Friday, 7 February 2014

JAPANESE ANIME-During the Second World War:- In the 1930s the Japanese government began enforcing cultural nationalism. This also lead to a strict censorship and control of published media. Many animators were urged to produce animations which enforced the Japanese spirit and national affiliation. Some movies were shown in newsreel theaters, especially after the Film Lawof 1939 promoted documentaryand other educational films. Such support helped boost the industry, as bigger companies formed through mergers, and prompted major live-action studios such as Shochikuto begin producing animation. It was at Shochiku that such masterworks as Kenzō Masaoka's Kumo to Chūrippuwere produced. Wartime reorganization of the industry, however, merged the feature film studios into just three big companies. More animated films were commissioned by the military, showing the sly, quick Japanese people winning against enemy forces. In 1943,Geijutsu Eigashaproduced Mitsuyo Seo's Momotaro's Sea Eagleswith help from the Navy. Shochiku then made Japan's first real feature length animated film, Seo's Momotaro's Divine Sea Warriorsin 1945, again with the help of the Navy. In 1941 Princess Iron Fanhad become the first Asian animation of notable length ever made in China. Due to economic factors, it would be Japan which later emerged long after the war with the most readily available resources to continue expanding the industry.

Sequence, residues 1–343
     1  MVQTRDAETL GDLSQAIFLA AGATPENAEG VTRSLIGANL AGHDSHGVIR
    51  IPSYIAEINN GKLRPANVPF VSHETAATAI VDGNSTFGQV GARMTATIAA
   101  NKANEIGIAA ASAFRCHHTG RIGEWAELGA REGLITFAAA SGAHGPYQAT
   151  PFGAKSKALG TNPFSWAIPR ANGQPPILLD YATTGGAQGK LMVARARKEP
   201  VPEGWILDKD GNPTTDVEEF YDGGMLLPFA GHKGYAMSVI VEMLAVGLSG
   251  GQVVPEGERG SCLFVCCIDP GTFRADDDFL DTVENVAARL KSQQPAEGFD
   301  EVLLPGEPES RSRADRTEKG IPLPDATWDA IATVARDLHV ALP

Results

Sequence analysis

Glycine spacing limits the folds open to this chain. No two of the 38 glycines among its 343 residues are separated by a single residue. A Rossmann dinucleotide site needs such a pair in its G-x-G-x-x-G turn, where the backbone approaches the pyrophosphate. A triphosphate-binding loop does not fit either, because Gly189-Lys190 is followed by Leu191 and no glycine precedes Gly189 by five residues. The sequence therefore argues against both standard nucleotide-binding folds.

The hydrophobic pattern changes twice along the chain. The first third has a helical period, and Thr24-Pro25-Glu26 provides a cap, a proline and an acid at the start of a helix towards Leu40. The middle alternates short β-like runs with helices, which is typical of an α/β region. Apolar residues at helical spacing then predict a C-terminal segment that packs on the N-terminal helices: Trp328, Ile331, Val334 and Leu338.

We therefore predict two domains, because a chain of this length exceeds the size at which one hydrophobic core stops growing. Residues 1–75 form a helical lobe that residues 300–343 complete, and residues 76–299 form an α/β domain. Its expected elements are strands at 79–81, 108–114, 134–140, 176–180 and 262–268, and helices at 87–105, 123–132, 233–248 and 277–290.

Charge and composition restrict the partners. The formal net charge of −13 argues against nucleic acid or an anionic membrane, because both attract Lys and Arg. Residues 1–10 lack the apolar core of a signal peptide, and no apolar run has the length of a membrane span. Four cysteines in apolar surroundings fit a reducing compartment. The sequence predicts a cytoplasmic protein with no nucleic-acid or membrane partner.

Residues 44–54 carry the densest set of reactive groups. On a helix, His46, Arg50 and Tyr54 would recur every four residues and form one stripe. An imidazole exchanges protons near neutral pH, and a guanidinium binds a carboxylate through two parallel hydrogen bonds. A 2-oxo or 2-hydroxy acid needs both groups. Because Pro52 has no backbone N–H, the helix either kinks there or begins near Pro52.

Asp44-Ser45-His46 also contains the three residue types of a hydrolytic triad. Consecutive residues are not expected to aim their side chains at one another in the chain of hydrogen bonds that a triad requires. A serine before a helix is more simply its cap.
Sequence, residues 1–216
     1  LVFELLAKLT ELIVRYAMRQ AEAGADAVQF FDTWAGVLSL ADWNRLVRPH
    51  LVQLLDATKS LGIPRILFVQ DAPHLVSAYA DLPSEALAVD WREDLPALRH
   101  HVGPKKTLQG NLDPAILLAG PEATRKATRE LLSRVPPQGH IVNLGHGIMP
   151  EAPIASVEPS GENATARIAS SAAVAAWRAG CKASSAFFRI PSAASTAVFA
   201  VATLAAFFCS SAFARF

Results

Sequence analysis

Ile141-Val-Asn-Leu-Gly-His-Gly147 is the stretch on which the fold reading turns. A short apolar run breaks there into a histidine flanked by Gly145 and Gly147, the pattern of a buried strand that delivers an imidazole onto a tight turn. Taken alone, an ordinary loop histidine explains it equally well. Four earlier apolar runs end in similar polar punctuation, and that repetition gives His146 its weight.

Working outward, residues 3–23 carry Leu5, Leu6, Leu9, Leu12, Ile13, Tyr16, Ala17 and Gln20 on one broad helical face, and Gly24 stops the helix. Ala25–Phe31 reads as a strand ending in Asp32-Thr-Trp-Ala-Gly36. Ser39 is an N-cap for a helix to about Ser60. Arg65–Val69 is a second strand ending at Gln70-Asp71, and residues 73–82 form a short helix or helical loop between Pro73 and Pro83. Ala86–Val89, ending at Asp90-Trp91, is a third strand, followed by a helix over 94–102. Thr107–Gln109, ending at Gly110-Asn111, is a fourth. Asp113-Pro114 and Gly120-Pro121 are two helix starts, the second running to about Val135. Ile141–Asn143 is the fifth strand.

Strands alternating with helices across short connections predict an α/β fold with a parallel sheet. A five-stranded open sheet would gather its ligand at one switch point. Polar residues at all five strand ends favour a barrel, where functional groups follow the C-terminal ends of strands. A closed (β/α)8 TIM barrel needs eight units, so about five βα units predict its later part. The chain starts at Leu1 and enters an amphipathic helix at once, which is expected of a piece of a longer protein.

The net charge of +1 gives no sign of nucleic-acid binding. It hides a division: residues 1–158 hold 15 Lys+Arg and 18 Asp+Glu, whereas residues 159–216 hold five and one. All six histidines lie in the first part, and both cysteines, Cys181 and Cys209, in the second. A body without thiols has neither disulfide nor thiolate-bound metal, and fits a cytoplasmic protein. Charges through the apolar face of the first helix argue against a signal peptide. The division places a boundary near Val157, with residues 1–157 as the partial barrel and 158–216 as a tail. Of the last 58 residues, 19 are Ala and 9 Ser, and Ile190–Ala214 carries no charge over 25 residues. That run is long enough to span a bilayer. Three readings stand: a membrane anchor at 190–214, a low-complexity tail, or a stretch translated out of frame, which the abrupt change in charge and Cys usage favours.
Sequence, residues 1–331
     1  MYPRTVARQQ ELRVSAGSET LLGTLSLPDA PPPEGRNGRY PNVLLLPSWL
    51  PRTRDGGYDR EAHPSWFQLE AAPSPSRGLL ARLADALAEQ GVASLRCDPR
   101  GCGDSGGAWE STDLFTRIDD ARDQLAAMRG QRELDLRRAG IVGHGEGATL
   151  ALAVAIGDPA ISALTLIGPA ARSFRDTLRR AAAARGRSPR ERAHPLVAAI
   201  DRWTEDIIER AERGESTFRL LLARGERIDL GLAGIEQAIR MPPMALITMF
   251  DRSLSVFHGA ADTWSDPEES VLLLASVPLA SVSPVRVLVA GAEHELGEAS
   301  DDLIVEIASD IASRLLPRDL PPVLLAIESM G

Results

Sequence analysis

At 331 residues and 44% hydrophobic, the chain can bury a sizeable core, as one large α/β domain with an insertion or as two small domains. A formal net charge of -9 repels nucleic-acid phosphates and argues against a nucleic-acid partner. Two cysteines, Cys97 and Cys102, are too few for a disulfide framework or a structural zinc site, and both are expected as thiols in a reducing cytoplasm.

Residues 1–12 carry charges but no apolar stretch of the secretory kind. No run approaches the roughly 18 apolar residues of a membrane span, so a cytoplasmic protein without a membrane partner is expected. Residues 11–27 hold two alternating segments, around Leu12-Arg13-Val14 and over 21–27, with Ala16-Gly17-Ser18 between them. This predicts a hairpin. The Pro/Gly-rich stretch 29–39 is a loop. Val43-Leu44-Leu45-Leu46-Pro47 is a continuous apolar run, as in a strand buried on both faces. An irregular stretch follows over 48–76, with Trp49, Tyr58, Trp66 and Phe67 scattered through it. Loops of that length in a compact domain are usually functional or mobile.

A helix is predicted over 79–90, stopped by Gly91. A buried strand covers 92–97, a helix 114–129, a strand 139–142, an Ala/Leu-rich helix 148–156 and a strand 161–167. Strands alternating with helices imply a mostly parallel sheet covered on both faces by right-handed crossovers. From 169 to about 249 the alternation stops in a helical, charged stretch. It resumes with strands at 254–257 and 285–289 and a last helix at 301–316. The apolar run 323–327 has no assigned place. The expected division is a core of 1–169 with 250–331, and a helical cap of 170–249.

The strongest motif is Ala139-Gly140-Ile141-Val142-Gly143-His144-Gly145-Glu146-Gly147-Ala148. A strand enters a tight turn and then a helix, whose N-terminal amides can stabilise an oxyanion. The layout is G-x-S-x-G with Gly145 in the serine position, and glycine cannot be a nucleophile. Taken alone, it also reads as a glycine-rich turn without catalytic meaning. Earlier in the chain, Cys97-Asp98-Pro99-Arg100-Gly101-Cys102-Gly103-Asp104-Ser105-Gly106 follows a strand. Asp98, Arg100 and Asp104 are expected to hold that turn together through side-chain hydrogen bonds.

No comments:

Post a Comment